Bella Figura

By JULIA LICHTBLAUA green garden viewed through a fence

The best garden in Brooklyn is like Fred Astaire
Charming but inaccessible.
A private creation for public viewing.
I look down into it from my living room,
Its spilling vines and spruce hedge-tops lend cachet to my garden.
Yet a high fence keeps us
Properly separate.
As does the rusty chain link gate on the street side,
which is only opened for
Tree-trimming and the like.

At all hours, people stop there,
A mother with a baby in a kangaroo pouch
A nuzzling couple
Or the smoking nurses from the doctor’s office on the corner.
They admire its miniature Englishness,
The illusion of symmetry

that makes its beauty so enigmatic
And wonder who made such a refined thing
For our coarse Brooklyn eyes.

For years
A slender Englishman with large eyes and a rich voice has tended it
so inobtrusively that his work never seemed to change a thing,
Like those artful individuals who get their hair cut before
anyone
Notices unruliness.

The centerpiece, a weeping cherry tree, looks like the crown of a girl’s head.
The whip-like branches sprout from one spot.
In spring, when the pale blossoms cluster toward the bottom of the
bare branches,
I think of the tree as a slender-necked black girl
Who has weighted her many braids with white beads.
She, too, always seems to have perfect hair.

Bella figura
Isn’t that what the Italians call taking such trouble to look
Right in public?
The cherry tree has bella figura,
The garden has bella figura.
And we’re an old Italian neighborhood—
Even if not many of us are Italian these days.
So we appreciate it.

Hey, what’s with the shaggy grass,
the drooping stalks,
flowers gone to seed,
roses turned brown on the stalk?

The slender man with large eyes,
Who laughed off the compliments people lobbed over the fence
as he stood on his ladder
Blaming his gift on luck or a good year for iris,
Slipped away over the summer,
Discreet as ever. And left us,
Mouths open like fish, saying, “Wait—”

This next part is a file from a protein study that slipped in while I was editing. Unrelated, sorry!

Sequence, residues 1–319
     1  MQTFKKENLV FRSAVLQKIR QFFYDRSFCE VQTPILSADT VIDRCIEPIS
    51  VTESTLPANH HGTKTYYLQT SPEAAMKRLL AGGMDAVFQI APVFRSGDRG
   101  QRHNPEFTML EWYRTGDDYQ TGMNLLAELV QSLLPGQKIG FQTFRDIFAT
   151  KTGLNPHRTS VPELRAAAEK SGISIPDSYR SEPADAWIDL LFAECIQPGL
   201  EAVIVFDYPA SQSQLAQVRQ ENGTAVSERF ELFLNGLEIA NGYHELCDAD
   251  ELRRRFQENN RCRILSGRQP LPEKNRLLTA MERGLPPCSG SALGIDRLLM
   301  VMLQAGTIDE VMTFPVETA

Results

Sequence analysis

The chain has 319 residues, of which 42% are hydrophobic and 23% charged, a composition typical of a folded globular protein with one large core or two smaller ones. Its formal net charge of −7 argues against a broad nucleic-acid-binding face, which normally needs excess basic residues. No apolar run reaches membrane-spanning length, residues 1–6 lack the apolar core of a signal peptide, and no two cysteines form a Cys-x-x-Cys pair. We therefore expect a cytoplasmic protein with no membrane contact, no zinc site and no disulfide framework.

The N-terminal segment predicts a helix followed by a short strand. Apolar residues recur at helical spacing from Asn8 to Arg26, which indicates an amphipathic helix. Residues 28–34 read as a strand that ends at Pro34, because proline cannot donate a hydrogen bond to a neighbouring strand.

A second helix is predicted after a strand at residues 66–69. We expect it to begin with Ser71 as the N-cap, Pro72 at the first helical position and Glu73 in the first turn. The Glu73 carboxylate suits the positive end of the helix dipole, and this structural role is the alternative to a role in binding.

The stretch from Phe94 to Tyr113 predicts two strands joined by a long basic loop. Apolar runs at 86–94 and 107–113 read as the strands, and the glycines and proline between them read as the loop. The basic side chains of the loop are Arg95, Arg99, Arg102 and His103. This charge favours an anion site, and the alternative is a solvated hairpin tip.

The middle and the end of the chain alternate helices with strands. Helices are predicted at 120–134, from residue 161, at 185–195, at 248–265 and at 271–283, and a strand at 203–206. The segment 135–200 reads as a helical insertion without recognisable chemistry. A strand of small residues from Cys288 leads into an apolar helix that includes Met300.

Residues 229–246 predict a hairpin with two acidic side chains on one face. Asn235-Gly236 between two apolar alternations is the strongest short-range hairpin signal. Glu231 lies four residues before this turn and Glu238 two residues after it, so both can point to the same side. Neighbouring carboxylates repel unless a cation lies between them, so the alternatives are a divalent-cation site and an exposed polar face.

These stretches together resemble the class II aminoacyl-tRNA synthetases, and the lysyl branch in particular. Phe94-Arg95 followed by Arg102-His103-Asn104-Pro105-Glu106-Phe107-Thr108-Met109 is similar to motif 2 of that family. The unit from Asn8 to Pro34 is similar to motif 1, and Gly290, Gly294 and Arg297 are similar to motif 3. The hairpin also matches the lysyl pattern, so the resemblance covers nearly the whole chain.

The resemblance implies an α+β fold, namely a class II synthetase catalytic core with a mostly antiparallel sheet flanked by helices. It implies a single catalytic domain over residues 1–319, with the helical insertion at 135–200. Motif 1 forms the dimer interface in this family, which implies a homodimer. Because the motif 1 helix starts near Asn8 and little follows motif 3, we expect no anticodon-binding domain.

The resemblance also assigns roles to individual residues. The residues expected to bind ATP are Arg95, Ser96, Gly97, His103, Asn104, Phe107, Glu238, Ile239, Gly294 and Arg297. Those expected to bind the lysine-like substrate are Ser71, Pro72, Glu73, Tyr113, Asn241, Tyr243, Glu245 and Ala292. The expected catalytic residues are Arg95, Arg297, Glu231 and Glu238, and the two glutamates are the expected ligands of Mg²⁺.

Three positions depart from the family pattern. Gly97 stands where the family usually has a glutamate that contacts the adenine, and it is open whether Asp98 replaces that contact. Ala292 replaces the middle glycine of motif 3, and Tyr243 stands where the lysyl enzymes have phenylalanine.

Did we forget to say how much we love it?
How rude.
We should have told you
We put our faces up to it in August for the cool air it exhales
when the concrete sidewalk is burning us up.
And that after a long winter,
The sight of you on your ladder
Was a surer harbinger of spring
Than we’d find in
Any almanac.

 

Julia Lichtblau is the Book Reviews Editor for The Common.

Photo by author

Bella Figura

Related Posts

view of valley from mountain

August 2022 Poetry Feature: Nathan McClain—from PREVIOUSLY OWNED

NATHAN MCCLAIN
Had I not chosen to live there— / among the oaks and birches, / trees I’d only ever seen in poems / until then…spruce, pine, / among the jack-in-the-pulpit / (though I much preferred “lady slipper”) / the tiger lily, milkweed, the chickadee / and blue jay, even the pesky squirrel

Park Bench

Translation: Poems by Juan de Dios García

JUAN DE DIOS GARCÍA
He speaks to us of Finnish lakes, of a dialect populated by birds and fruit, of high wooded hills, perpetual snow, a petroleum sky. “In the north they’re raised on melancholy,” he says, “and their dead weigh more than those from here.” He speaks of a Greek father and a war.

car crash

July 2022 Poetry Feature

ZACK STRAIT
Like two passengers / in a wrecked automobile: // our eyes are fixed / on the sonogram screen— // an upside-down window / with no wiper blade // to sweep away the rain— / as the technician // inserts a long probe / and whispers, Come on. // Come on. The storm / approaches slow...